Sue Foley, 1992
Tom Keifer of Cinderella, 1991
Terry Adams of NRBQ, 1997
Mark Hollis of Talk Talk, 1984
Joe Perry of Aerosmith, 2010
Slash of Guns N’ Roses and Slash’s Snakepit, 1995
Peter Goalby of Uriah Heep, 1983
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Marc Storace of Krokus, 1983
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Buddy Cage of New Riders of the Purple Sage, 2006
Bill Elm of Friends of Dean Martinez, 1995
Simon Townshend, 1983
John Bush of Anthrax, 1993
Aldo Nova, 1983
Steven Adler from Guns N’ Roses, 2011
Mick Ronson, 1989
Tom Morello, 2011
Jakob Dylan of the Wallflowers, 1993
Colin Hay of Men at Work, 1983
Mark Kelly of Marillion, 1986
Luther Allison, 1995
Lee Rocker from the Stray Cats, 2007
J. Geils from the J. Geils Band, 2006
Rob Thomas of Matchbox 20, 1997
Jason Newsted of Newsted (and Metallica), 2013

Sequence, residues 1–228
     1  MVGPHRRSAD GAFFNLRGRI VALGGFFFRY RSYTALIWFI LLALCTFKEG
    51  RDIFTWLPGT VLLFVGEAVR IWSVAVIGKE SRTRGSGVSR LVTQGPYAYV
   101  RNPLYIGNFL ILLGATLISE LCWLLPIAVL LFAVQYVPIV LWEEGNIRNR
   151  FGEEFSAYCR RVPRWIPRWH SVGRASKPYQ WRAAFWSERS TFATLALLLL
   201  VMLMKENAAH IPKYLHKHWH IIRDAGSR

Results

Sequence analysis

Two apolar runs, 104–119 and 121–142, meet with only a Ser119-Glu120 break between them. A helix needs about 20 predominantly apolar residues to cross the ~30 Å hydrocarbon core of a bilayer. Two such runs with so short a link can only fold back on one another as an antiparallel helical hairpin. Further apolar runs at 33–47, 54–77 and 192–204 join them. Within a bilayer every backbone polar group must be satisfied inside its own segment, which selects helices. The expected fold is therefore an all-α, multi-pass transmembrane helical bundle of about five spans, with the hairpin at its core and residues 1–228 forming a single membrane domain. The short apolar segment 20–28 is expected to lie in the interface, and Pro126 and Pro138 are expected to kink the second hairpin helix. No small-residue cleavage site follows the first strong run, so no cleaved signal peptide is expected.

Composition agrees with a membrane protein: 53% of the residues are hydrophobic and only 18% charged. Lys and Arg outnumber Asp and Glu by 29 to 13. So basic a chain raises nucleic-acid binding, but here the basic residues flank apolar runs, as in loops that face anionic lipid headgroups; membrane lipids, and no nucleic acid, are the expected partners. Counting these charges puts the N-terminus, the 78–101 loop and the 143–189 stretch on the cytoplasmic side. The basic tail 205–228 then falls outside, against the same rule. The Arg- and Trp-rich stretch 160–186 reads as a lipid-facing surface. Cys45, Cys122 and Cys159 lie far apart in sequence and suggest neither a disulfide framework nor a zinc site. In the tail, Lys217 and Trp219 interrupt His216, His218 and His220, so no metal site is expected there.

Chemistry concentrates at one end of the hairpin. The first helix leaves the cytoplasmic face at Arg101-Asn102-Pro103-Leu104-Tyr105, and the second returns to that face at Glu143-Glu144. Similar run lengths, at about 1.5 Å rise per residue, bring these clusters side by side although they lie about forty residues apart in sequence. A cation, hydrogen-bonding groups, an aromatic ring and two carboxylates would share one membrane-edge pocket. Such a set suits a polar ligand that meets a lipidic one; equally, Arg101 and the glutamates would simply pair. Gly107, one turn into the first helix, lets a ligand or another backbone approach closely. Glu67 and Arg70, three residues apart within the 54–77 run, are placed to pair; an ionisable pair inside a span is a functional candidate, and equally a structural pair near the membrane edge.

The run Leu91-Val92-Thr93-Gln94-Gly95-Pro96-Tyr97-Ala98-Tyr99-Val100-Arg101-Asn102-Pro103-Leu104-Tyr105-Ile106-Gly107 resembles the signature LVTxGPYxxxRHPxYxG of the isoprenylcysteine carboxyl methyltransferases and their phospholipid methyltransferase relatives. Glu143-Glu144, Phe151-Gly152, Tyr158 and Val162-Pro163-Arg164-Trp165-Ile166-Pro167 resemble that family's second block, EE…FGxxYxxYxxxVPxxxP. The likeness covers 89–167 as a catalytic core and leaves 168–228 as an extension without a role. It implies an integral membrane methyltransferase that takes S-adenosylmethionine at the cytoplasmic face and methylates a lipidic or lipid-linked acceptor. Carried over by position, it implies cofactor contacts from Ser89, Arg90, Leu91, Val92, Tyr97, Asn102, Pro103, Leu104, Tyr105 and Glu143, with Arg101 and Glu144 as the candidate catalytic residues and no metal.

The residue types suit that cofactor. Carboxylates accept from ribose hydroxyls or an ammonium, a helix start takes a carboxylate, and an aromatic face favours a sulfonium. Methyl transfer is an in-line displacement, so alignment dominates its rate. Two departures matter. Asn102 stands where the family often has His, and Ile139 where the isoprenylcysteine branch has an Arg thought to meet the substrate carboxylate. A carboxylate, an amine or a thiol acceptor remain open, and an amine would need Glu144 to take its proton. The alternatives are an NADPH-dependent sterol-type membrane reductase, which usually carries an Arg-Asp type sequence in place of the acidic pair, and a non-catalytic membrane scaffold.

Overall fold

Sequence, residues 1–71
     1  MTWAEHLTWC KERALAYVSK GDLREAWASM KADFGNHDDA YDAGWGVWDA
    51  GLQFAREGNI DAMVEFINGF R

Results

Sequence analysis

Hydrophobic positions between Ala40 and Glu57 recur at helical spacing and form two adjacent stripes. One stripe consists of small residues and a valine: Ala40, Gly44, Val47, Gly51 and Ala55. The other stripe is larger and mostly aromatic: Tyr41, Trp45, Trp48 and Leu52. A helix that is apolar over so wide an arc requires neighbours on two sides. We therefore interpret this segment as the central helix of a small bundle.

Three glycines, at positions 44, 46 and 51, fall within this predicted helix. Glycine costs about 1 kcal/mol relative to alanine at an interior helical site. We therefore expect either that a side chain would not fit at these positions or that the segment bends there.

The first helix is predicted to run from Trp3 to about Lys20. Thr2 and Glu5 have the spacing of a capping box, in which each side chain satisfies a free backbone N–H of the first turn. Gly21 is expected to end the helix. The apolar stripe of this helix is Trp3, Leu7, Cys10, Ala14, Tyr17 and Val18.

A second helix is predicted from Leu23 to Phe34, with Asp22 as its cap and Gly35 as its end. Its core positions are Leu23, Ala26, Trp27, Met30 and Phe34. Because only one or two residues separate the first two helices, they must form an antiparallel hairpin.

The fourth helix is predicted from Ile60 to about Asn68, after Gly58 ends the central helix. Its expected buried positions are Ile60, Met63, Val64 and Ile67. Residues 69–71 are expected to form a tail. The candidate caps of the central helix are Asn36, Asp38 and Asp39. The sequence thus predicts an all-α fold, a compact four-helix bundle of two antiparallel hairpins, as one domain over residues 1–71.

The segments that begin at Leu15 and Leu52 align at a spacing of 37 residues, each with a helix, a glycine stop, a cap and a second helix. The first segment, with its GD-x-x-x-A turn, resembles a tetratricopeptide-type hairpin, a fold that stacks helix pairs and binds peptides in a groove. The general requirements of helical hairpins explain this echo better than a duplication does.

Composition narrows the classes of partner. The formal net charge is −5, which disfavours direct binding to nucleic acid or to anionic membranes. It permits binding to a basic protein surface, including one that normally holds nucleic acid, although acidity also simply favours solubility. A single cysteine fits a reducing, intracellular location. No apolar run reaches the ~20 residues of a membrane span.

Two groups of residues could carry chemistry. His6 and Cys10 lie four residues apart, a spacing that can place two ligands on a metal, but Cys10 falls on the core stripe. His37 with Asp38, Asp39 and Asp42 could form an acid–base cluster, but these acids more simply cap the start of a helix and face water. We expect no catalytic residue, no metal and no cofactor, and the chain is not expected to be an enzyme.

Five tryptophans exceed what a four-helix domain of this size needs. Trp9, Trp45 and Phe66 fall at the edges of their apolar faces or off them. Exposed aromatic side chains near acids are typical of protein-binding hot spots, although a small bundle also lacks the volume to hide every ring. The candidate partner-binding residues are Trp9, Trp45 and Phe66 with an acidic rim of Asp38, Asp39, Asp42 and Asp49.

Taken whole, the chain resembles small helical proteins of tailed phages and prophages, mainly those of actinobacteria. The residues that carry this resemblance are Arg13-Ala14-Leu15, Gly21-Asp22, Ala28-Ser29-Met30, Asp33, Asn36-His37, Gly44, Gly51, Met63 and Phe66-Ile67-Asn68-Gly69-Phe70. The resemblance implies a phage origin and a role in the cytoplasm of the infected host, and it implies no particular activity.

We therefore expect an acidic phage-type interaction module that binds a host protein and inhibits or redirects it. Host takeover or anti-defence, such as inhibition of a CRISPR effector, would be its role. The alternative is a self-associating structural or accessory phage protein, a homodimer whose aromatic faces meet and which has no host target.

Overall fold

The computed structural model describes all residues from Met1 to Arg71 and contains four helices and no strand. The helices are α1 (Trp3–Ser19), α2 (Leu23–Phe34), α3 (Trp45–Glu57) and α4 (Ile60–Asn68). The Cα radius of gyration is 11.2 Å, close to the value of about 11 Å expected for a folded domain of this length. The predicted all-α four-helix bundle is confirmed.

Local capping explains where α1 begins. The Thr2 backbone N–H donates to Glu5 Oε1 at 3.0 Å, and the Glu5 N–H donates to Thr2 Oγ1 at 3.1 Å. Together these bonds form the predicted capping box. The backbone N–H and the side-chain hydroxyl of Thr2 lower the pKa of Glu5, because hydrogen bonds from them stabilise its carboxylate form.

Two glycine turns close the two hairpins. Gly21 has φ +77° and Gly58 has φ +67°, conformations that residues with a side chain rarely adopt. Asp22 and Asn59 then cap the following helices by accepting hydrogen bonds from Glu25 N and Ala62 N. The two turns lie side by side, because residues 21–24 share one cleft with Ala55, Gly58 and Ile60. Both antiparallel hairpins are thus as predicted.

Marshall Crenshaw, 2013
Dan Hartman, 1984
Sean Costello, 2006
Roger Hodgson from Supertramp, 1998
Tommy Stinson from the Replacements, 1993
Brian Blush of the Refreshments, 1997
Joe Elliott of Def Leppard, 2003
Craig Northey of Strippers Union, 2021
Melissa Etheridge, 1990
Joe Jackson, 2003
Pepper Keenan of Corrosion of Conformity, 2001
David Ellefson of Megadeth, 1992
David Lee Roth, 2003
Grant Walmsley of the Screaming Jets, 1991
John Popper of Blues Traveler, 1991
Dave Murray of Iron Maiden, 2012
Joe Perry of Aerosmith, 1993
Ellen McIlwaine, 2001
Derek Trucks of Tedeschi Trucks, 2012
J.D. Fortune of INXS, 2006
Fernando von Arb of Krokus, 1984
Gary Holt of Exodus, 1985
Dizzy Reed of Guns N’ Roses, 1992
Scott Ian of Anthrax, 2012
Gary Lee Conner of Screaming Trees, 1992
Nick Rhodes of Duran Duran, 1985
David “Honeyboy” Edwards, 2003
Rudolf Schenker of Scorpions, 1992
Rick Nielsen of Cheap Trick, 2001